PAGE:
Just about everyone has a favorite pair of bluejeans.  What wardrobe would be complete without a great pair of jeans.  Most of us rarely notice that “extra pocket” on the right side of our jeans. Since it has always been there, we don’t give it a second thought. How many of us really know what it was designed for??

The fifth pocket was introduced in the 1800’s as a protective sleeve for a cowboys’ pocket watch. Although the pocket is rarely used for watches today, standard jeans are still being produced in a way that can hold  a size 16 pocket watch.

Over the past couple years, it has become an increasingly popular spot to store technology devices such as cell phones or iPods.  It is also used to hold coins, lighters, or a pack of gum  etc..


What is a vest pocket?

A watch pocket is a pocket sewn into a garment, typically a vest, that is intended for use as a carrier for a watch. Pocket watches were made to fit into a person’s pocket and are attached to a length of chain that can then be fastened to a waistcoat or belt loop. Such watches were especially popular among men wearing three-piece suits that consisted of pants, a coat, and a vest. The vest of the suit would typically have a small pocket on one or both sides at about the midsection that was intended to be a watch pocket.


What is a Watch Fob?

A fob is a short strap attached to an pocket watch to make it easier to handle.  Today, small devices attached to keys are sometimes called fobs.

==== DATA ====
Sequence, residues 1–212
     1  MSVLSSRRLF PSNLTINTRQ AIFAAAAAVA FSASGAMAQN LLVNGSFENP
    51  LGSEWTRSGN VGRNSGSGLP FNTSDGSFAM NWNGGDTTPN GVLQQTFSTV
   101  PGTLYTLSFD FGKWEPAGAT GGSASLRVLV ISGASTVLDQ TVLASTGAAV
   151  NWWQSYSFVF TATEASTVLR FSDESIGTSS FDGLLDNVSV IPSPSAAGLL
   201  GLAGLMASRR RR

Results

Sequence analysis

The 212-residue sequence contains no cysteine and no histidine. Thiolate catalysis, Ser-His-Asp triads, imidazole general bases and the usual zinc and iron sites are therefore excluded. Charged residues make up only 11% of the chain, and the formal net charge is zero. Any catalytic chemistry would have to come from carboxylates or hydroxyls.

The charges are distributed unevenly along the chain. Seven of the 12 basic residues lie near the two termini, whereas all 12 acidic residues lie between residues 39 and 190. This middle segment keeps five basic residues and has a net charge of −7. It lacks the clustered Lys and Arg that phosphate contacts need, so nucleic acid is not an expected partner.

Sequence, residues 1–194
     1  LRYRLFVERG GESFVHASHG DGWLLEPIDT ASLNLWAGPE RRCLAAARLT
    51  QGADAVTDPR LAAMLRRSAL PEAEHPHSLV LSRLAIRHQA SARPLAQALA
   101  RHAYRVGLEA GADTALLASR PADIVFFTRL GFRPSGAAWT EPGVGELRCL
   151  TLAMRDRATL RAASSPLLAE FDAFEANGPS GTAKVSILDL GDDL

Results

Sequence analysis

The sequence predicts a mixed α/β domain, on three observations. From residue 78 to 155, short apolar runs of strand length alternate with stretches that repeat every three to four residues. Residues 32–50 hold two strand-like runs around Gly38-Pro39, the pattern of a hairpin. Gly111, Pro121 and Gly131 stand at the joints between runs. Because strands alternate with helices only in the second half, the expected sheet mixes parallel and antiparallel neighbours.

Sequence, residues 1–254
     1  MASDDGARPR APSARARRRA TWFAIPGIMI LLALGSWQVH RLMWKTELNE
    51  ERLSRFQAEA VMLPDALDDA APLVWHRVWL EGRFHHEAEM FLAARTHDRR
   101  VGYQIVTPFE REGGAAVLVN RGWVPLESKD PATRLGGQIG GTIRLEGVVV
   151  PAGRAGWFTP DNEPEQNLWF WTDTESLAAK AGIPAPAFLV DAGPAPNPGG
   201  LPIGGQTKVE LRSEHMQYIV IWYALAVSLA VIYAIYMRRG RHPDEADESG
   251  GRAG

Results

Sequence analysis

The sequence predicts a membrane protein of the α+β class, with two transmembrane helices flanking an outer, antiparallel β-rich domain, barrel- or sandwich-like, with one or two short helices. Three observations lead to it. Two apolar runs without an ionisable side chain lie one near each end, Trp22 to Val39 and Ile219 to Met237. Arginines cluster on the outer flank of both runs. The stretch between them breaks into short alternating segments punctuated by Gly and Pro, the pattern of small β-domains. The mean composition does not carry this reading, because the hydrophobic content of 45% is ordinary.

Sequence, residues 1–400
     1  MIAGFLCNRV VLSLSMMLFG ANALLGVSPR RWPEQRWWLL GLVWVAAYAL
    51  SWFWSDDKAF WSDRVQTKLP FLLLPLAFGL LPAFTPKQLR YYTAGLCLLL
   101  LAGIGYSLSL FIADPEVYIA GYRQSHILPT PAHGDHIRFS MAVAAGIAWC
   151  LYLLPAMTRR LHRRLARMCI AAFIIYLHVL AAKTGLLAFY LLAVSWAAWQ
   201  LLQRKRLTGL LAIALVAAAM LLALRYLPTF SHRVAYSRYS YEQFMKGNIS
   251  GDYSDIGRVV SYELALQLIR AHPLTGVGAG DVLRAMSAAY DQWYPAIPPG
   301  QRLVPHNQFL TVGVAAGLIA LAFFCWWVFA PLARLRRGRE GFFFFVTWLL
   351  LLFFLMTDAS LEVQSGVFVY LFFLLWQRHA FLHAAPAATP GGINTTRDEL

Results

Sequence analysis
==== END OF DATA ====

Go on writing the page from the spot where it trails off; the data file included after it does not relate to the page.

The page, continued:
Before World War I, watches were carried in pockets. They were attached to short straps that could be leather, ribbon, or metal chain. The strap made it easier to remove the watch from the pocket and easier to handle the watch securely.

Men usually carried their watch in a small pocket on the waistcoat, called a fob pocket. Around 1775, waistcoats had several pockets. The fobs hanging from each pocket became quite elaborate, and small personal seals were often attached to the free end.

Pocket Watch chain

As chain-style fobs began to be made of jewelry quality metal such as gold, silver, or even platinum, they began to be called watch chains or fob chains.  During the Victorian period, fob chains of human hair were quite popular. Many Victorian wives were happy to braid a lock of their own hair into a fob for their husband’s prized watch.

Railroad conductor with pocket watch and vest chain.


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